Science and medicine are the UK’s most valuable contributions to the world – above art, culture and sport, according to a survey.
The country’s most high-profile contribution in recent years – the University of Oxford’s work on a coronavirus vaccine with AstraZeneca – was a huge success and developed at unprecedented pace.
Then there is a famous roll call of names such as Charles Darwin, Sir Isaac Newton, Rosalind Franklin, Stephen Hawking and Alexander Fleming.
A YouGov poll of 1,635 people found 54% believed science and medicine were the country’s most valuable exports, ahead of manufacturing and engineering (11%), art and culture (6%) and sport and leisure (5%).
The survey was done by campaign group Malaria No More UK, whose new report shows how British science and research is helping fight the disease.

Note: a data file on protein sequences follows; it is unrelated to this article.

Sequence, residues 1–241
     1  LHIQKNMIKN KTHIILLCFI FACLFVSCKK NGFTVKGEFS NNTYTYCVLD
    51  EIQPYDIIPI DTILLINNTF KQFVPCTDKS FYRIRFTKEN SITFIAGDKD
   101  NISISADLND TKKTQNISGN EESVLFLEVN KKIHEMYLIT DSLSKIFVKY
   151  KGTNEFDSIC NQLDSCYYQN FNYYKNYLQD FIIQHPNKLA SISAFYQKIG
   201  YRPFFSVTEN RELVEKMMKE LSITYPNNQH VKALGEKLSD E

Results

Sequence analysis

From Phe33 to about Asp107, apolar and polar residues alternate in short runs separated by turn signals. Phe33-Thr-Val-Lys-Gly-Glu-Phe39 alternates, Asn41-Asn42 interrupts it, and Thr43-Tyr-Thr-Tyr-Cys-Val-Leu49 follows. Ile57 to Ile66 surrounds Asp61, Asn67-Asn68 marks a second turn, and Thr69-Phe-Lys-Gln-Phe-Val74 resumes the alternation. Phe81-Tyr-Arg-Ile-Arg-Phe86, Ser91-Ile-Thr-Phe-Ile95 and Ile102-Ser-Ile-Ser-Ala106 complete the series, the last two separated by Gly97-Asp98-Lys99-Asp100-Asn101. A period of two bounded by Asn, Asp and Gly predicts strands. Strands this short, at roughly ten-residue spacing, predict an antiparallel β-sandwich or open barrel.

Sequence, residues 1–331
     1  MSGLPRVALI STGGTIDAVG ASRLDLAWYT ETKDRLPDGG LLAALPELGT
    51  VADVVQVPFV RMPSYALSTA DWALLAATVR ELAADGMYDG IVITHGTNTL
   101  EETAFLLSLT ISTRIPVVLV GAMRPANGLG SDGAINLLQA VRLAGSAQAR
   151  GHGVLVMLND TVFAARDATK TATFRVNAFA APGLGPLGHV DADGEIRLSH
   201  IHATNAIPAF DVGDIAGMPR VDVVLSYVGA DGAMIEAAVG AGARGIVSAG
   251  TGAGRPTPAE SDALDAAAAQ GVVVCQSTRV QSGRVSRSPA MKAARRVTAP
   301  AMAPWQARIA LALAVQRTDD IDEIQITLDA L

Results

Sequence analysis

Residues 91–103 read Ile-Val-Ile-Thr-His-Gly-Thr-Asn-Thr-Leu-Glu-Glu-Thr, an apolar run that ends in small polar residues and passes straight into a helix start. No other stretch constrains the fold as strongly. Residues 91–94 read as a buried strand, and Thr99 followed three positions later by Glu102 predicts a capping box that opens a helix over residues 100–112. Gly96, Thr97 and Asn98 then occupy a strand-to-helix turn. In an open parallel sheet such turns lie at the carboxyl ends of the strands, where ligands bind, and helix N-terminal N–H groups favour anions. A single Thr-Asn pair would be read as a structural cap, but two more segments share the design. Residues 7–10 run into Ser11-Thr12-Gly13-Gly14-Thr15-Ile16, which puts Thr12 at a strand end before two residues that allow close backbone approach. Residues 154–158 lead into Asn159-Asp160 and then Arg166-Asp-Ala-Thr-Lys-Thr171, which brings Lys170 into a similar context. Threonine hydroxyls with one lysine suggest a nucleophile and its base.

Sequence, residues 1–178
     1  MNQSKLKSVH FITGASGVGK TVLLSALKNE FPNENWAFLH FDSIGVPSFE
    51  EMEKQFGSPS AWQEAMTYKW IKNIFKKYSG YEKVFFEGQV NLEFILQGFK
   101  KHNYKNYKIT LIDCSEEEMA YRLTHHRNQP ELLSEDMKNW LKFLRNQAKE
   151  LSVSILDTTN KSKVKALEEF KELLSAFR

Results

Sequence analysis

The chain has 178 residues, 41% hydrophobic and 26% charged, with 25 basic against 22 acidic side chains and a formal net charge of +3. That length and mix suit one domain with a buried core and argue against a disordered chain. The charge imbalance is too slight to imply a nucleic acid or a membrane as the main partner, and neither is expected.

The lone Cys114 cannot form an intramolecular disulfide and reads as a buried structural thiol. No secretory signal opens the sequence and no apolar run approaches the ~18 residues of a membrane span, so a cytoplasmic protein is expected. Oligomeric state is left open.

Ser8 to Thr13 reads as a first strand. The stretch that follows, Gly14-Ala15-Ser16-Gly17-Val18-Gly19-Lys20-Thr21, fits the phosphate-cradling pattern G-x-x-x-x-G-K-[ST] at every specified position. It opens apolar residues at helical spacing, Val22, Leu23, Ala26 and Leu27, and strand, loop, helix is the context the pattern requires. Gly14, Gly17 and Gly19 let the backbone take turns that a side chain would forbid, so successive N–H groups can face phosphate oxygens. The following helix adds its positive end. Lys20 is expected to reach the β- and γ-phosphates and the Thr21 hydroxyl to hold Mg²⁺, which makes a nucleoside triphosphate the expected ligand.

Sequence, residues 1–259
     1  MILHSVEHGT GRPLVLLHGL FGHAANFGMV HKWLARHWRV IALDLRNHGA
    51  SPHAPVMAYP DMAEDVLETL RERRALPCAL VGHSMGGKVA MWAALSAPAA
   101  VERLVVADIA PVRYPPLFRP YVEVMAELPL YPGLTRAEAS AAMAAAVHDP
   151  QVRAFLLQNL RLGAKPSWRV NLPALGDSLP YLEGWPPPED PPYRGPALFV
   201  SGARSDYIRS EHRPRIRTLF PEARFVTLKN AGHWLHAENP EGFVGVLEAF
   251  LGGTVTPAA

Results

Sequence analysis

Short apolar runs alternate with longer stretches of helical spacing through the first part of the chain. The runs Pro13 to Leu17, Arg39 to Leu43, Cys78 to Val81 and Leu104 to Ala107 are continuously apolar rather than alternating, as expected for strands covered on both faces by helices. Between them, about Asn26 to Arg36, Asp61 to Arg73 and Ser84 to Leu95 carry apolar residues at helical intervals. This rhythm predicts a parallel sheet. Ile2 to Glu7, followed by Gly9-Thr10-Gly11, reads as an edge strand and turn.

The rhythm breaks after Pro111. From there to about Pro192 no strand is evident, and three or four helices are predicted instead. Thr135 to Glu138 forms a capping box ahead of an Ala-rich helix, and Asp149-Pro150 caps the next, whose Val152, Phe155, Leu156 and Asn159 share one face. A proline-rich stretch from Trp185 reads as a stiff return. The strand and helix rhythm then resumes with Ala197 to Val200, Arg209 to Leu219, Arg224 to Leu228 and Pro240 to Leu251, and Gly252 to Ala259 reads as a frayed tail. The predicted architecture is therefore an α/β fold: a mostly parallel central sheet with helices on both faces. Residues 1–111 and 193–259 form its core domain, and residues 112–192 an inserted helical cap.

It said it includes vaccine development, genetically modified mosquitoes, next-generation insecticide nets, and modelling climate change’s impact on populations at risk of malaria.
The group is calling for a renewed financial commitment to eradicating malaria through science and innovation.
“British-led science is playing such a critical role in the fight against COVID-19,” said Gareth Jenkins, director of advocacy at Malaria No More UK.
“These polling results show the British public want to see the country build on this momentum to end those diseases that have been around for centuries – like malaria – once and for all.”
Infectious diseases expert Professor Azra Ghani, from Imperial College London, added: “Britain has a proud heritage in helping to tackle one of the world’s oldest diseases through its scientific contributions.
“Now more than ever we need to maintain our investment in this global fight to create a safer world for us all, and work with partners so that the right solutions reach those who need them the most.”
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